Do Writers Alienate Themselves?

Yes, do writers alienate themselves? Let’s think. I opened up a post. It was one of the much discussed “why do you write” posts which all writing blogs ask. It’s obligatory, like some sort of blogging coming of age ritual for anyone calling themselves an author here. Now, looking at the responses, I just wanted to cringe. Honestly. The general gist of it was the usual – that writing is a hobby, that they enjoy creating characters, telling stories and the like. That’s fine, that does nothing. What struck me though were the comments that talked about writing in a frankly unrealistic way.

That writing is a ‘calling’ that cannot be ignored.

Really? A slight exaggeration.

Writing being some sort of necessity in life that one cannot do without.

Oh come on, it’s no essential process required to sustain life.

Writers would rather lose limbs than not be able to equate concepts to words.

We’re getting into the more ridiculous responses here.

That writer’s view the world from heights, and that they write in order to breathe.

I’ll deploy my absolute favourite all-time quote that for me sums up both the vanity and stupidity writers can conjure up.

Poets are the unacknowledged legislators of the world – Percy Bysshe Shelley.

Dream on Percy, dream on.

Please – but the best is yet to come.

People who criticize and belittle our “hobby” simply fear our independence. They are jealous of our ability to break away from the mould that so obviously ensnares them.

I’m not making this up. I’ve been watching posts like these, cringing and wanting to further distance myself from being identified as a writer. Let’s take a time out here. It’s fine to be passionate about your hobby. Really. I admit that some days I feel like I’ve wasted time if I haven’t written anything. Some days I feel like something was missing if I didn’t write. But I’ve also had many days where I’ve written nothing and felt nothing of it. There are days where I cannot care to write even a single word. That’s the reality of it – and every writer will be the same. We have a lot of days where it just feelings like struggling neck high up in mud. Still, I just laugh at life and continue – it’s no matter. You take each day as it comes.

I mean, come on. Writer’s having to write out of some sort of necessity? That’s peeling back the hyperbole. At the end of the day, I think this just makes writers sound deluded and vain. I think the whole issue is that the entity that is “writing” has a huge inferiority complex hanging over it. The fear is that at the end of the day, someone could call a writer out on doing something useless. Writing is after all fiction – it is logically useless. So the response is to come up with such reasons like the ones above in order to raise writing above what it is and to some sort of divine level. In reality, storytelling is just telling stories – and we really shouldn’t hide from that. People like stories, so that’s good enough reason to write them. Simple. Besides, the strength of passion that conjures up such quotes means that such individuals get enough enjoyment out of it to continue despite what others might say.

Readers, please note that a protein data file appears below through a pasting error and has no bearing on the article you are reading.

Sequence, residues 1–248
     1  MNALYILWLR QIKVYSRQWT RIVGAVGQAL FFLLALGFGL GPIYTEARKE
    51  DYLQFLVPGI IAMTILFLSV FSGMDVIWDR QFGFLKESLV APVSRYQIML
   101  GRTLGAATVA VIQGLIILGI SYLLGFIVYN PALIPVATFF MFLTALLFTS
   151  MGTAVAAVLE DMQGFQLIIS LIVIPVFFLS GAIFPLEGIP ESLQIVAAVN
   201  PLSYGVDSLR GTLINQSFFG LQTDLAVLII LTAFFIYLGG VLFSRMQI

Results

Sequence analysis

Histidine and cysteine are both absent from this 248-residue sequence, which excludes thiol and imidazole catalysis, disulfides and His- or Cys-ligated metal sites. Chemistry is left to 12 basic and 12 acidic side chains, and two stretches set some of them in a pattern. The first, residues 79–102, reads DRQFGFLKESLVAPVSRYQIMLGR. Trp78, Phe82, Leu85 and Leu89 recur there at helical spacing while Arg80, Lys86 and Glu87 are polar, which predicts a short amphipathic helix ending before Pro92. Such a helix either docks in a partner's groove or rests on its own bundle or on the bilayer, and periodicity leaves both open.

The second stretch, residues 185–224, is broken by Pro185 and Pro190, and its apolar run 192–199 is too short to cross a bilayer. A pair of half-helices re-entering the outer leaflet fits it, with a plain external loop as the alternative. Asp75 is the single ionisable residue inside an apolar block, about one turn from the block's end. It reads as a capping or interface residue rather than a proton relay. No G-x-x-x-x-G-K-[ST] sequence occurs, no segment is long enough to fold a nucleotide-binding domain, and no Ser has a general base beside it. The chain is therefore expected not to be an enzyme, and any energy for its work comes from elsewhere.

But here is the question I am asking you: what happens when someone who isn’t a writer reads this sort of thing? It all  just sounds so very ludicrous. Inane. Utterly deluded. At the end of the day, what is writing, really? Just telling a story – which anyone can do and learn to do better. My fear is that it does nothing to help writers. It just makes them sound like they are wasting time writing fiction. I think it puts of people who aren’t writers, discourages those who are learning, and makes writers sound like a bunch of overly-dramatic want-to-be Shakepeares.

So, if you are a writer, I want to hear your thoughts on this matter. If you are inclined to think such lofty things about writing, I want to hear from you too.

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4 thoughts on “Do Writers Alienate Themselves?

  1. I am TRYING to be a writer, and aren’t we all? When I hear some of the inane comments, as exemplified above, I feel like I might be missing some essential spiritual element. So, thank you for expressing what I have thought all along as a teacher and a writer.

    1. Thanks for replying – I was beginning to think that I was alone in thinking this! But yes, we’re all trying to be writers anyway, like you said. I don’t think we’ll ever stop having to either. And yes, writers who exaggerate do make it sound like it’s some intensely spiritual process that if you don’t experience, you’re not a writer or a passionate one at that, when that’s not the case.

      Thank you for stopping by!

  2. Well , yes, it is kind of ridiculous, but anything that makes me sound like a big-shot, I’m all for, whether it’s fake or not. Far from questioning it, I find many people who aren’t writers are over-respectful of us and eat up the melodramatic writing hype you feel so queasy about. They misguidedly think we’re gods. And you know what? It probably helps sell books. Why not let ’em?

    1. True, when you tell people you’ve written a book their response is a variant of “that’s great, I could never do that”. Still, I guess I’d prefer to be judged on the merit of what I’ve written, rather than be praised (or praise myself) for conforming or being a prescribed notion of being a writer. If it sell books, I think it would be best to be careful. What’s one person’s wine is another’s poison, and you could harm yourself if you big yourself up only to fall because your works don’t live up to your claims.

      One a side note, being British means it is impossible for me to speak positively about my achievements – self deprecation is the course of the day. XD

      Thanks for stopping by and letting me know what you think! It’s been interesting.

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